old computers

Multitasking in the “Mad Men” Era

by Joey deVilla on January 15, 2010

square root

Here’s a great video from 1963 featuring the great-granddad of today’s web servers and cloud computing systems. It was just posted by Boston’s Computer History Museum titled Solution to Computer Bottlenecks. Filmed in May of that year, it features MIT Science Reporter John Fitch – who has a classic 1960’s announcer’s voice – interviewing MIT computer scientist Fernando J. Corbato, the guy behind Corbato’s Law (“The number of lines of code a programmer can write in a fixed period of time is the same independent of the language used”).

The subject of the film is the then-new approach of timesharing, which Corbato describes as “connecting a large number of consoles to a central computer”, which made the great (and very necessary – it even gets mentioned in Malcolm Gladwell’s book, Outliers) leap from batch to interactive processing possible. Here’s the video; enjoy all the retro-tech goodness:

This may have been really deep nerd stuff back in 1963, but today, it the sort of thing that you might see covered in a grade school class. Even if you’re not a programmer or IT pro, I think you’ll find it entertaining.

Some Gems from the Video

A computer terminal in one’s office isn’t unusual in this day and age, but back in 1963, such a thing must’ve been incredibly super-1337. Here’s the console in Corbato’s office, which he introduces by saying “Here’s one of the consoles we might be using in the future.” Even to the reporter of that era, it looked like an ordinary IBM Selectric typewriter:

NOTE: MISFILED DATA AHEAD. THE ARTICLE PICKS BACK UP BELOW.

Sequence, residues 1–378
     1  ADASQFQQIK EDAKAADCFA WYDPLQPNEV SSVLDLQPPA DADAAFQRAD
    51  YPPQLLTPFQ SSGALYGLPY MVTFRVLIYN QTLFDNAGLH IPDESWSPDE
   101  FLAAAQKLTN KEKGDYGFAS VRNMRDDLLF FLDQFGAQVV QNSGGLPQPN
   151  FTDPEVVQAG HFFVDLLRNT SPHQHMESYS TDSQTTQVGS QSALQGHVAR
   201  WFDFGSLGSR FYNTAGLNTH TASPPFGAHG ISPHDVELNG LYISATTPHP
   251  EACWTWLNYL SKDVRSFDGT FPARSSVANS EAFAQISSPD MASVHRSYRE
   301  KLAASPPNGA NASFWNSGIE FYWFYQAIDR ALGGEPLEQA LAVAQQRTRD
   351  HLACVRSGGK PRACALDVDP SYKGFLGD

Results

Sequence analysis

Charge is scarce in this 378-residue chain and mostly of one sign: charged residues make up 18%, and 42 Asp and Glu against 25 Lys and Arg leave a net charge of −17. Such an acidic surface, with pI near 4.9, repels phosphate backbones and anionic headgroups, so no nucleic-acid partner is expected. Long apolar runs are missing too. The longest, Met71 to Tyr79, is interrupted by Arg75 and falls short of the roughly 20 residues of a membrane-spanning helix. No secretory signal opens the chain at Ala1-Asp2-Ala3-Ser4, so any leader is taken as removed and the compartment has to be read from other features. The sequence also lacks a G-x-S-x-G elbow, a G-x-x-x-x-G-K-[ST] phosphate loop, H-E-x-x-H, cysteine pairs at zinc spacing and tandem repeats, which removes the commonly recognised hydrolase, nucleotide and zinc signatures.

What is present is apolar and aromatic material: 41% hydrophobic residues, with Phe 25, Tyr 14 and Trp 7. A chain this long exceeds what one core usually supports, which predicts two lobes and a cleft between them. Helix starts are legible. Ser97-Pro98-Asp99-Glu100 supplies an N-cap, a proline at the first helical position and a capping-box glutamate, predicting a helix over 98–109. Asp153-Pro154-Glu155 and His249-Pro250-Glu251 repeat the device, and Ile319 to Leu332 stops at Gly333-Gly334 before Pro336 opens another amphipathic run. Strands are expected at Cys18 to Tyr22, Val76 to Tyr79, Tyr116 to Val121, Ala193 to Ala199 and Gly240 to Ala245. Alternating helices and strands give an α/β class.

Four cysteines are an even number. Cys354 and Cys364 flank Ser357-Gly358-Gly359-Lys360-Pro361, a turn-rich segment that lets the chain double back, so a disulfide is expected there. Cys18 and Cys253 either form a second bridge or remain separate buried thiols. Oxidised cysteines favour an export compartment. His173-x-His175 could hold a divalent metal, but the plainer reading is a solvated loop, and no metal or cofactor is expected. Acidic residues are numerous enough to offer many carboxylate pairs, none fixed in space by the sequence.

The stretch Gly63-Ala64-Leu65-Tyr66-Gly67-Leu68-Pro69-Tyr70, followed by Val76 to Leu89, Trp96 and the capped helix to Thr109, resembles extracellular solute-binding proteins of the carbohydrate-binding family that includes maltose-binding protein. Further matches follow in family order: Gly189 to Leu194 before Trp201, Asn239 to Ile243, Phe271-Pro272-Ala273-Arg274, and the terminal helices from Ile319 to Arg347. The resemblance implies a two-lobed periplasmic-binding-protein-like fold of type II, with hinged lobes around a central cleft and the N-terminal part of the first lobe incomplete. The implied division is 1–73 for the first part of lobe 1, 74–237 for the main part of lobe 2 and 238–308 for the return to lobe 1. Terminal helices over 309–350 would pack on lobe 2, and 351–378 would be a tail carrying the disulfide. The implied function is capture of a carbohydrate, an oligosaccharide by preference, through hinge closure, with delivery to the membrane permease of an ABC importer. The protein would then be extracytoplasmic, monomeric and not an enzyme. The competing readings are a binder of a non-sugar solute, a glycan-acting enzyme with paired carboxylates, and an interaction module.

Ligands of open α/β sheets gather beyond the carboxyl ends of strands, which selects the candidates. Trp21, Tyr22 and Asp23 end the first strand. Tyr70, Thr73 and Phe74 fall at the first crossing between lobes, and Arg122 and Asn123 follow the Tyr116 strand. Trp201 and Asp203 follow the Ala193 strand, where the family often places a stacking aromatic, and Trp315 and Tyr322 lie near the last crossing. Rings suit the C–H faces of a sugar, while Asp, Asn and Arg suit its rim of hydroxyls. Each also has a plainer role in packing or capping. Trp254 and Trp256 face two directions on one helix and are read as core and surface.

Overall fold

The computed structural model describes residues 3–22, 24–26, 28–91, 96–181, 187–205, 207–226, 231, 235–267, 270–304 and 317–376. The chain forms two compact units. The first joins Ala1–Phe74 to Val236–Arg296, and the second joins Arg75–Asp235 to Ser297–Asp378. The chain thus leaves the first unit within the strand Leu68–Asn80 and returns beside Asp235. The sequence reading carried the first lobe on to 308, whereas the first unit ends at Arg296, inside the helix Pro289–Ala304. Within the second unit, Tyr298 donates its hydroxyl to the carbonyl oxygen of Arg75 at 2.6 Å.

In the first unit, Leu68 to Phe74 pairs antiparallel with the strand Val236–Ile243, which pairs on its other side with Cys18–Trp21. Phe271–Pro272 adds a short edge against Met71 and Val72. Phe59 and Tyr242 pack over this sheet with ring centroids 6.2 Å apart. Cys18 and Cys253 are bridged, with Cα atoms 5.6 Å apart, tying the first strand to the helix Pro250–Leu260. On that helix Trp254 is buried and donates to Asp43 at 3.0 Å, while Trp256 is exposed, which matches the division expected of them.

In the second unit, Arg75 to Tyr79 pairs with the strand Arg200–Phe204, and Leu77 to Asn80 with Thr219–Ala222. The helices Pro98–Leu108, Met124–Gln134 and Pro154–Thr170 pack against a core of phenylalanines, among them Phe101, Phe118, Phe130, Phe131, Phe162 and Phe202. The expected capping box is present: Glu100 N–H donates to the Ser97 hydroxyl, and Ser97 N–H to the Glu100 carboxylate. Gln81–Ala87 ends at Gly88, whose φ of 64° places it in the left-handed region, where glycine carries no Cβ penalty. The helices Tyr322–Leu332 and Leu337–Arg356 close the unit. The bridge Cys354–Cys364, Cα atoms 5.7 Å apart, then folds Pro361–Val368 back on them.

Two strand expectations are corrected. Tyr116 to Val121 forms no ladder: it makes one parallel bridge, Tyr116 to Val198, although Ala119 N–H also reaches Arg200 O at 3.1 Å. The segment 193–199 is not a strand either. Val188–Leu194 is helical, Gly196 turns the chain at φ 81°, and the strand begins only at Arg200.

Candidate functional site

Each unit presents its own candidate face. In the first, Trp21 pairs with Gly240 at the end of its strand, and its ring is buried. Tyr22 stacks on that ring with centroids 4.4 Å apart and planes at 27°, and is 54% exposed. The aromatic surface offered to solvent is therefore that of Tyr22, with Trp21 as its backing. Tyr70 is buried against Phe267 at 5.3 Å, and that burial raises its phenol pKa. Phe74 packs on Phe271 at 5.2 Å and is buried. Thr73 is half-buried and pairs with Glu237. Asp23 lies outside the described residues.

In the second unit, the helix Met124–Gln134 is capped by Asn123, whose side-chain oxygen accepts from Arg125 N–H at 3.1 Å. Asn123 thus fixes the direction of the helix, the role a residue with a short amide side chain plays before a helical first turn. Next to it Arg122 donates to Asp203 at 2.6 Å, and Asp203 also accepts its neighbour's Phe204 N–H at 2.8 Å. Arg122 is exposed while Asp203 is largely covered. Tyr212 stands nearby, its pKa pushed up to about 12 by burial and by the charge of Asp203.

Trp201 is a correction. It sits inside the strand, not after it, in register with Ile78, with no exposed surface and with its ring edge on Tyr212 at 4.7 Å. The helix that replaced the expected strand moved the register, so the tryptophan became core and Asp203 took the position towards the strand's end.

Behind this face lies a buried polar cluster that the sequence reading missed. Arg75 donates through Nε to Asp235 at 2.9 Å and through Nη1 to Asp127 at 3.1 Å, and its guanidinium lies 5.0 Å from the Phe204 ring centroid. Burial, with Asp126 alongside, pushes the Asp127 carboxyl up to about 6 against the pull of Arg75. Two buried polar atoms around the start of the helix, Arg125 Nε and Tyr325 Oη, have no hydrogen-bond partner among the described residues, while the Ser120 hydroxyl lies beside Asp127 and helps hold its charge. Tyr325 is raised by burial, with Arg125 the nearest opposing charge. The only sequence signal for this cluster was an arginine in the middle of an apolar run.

1963 future console

The general principles of digital computers haven’t changed much since those days. Corbato describes memory as “a bunch of pigeonholes” that store numbers, some of which function as data, some of which function as instructions.

memory pigeonholes

The concept of a CPU, the program counter stepping through memory and looping already existed in 1963:

cpu program counter

He describes the new setup “a set parallel consoles which are not all near the computer in fact, most of them are remote…and let the users use these with a reaction time of a few seconds instead of a few hours.”

7090

He says that eventually they’d like to switch from “typewriter” consoles to "graphic displays”, but at the time there were still some kinks to be worked out.

One of the “elaborate advanced ideas” that he hints at but says is beyond the topic of the film is going beyond hooking up dumb terminals to the mainframe and attaching smaller computers to it as well, such as the DEC PDP-1 and 1620:

advanced elaborate ideas

When discussing the hard disk and its capacity (9 million words), Corbato has to explain to Fitch that it isn’t a big whirling disk on which you store tape, but a platter coated with a magnetic material like tape. This is old hat to us in the 21st century, but at the time, disks weren’t household items:

hard disk

At the time, disks had been around for about a year. Corbato confesses that there are still some problems with them: they “haven’t figured out how to keep things from getting mixed up”.

And on it goes with ideas that are still in use today: programming languages (“a particular synthetic language which is largely technical, and which is to some extent algebra too”), the organization of different programs in memory at the same time, multitasking with a scheduler that determines which program gets the processor’s attention at the moment, file loading and management by the operating system, the concepts of “brute-force solutions”, context switching (which they can “keep down to 10%”), input validation and even the phrase “it’s a feature”.

The line of Corbato’s that I love most is his prescient statement about usability and demand: “We’ve really made the computer extremely easy to use here. And so it’s very clear that in the long run, we’re going to increase in the need for computer time by a large amount.”